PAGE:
Last year, it had planned to raise $125 million in a public offering, but withdrew it, citing “market conditions.”
The company insisted at the time it would forge ahead with its projects, including Pontotoc, despite the IPO withdrawal.
Marie Helene-Labrie, the company’s vice president of government affairs and communication, said at the time that Enerkem had raised more than $100 million the previous years through corporate and government financing.
Privately held, Enerkem declined to reveal what financing it now has in place – or still needs.
“As a private company, we are not in a position to discuss the details of these financial arrangements,” Pare said.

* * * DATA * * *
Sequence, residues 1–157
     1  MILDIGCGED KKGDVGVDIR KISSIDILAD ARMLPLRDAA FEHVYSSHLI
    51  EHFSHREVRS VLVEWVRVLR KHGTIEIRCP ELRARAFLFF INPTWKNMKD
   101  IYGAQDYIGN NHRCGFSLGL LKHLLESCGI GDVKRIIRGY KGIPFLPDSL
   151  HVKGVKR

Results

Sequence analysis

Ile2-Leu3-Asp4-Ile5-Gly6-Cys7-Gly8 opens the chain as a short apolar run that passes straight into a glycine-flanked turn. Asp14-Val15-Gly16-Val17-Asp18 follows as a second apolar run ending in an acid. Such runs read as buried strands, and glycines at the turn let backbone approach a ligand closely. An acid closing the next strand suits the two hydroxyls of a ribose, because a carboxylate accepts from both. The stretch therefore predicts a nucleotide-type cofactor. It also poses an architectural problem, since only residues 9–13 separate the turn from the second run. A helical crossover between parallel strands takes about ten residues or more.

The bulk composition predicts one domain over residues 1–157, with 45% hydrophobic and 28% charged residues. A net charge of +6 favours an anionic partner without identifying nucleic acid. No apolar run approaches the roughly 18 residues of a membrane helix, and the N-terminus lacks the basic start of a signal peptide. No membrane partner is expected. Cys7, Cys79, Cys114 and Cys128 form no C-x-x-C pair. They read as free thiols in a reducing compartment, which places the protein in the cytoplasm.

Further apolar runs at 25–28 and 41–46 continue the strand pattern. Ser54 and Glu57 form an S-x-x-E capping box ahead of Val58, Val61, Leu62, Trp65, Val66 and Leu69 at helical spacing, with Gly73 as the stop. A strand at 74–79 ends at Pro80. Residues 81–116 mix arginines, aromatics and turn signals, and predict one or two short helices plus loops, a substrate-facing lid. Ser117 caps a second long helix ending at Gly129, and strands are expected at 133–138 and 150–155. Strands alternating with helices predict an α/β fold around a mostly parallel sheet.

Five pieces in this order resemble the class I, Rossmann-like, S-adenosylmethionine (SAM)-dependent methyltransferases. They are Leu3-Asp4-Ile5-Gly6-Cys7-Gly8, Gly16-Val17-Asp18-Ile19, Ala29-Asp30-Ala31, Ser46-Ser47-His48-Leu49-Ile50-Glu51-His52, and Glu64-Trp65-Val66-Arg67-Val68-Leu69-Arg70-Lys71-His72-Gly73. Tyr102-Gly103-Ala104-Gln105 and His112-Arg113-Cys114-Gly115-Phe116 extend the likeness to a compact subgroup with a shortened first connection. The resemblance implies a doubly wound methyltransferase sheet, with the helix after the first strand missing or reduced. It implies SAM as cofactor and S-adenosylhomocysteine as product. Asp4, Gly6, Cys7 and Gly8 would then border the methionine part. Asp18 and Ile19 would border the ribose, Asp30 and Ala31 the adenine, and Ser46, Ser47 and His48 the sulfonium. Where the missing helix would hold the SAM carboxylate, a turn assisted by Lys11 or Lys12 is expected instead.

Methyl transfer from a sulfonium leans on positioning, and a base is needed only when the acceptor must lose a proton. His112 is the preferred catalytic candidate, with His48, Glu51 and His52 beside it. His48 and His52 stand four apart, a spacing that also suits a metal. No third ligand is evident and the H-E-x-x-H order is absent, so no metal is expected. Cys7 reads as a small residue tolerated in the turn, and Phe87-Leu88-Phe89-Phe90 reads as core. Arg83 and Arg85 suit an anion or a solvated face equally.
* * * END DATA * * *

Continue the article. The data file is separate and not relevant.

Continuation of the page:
Enerkem Mississippi Biofuels has an office at 222 West Reynolds Street in Pontotoc, but there’s little sign that it’s occupied, though company officials note it’s “open.”
There were a handful of people working from the office as late as last spring, but it’s unclear if the company has anyone working there now.
Enerkem indicated the company is concentrating on its other efforts for now.
“Our recruitment activities are currently focused on our project in Edmonton where operations will begin this summer,” Pare said. “Approximately 10 resources have been working on the development of the Enerkem Mississippi Biofuels project since 2010. These resources are based in different locations including Houston (Texas), Montreal (Quebec) and Sherbrooke (Quebec).
“The project office in Pontotoc is open and the local recruitment process will be launched as we get closer to groundbreaking, beginning with a project manager.”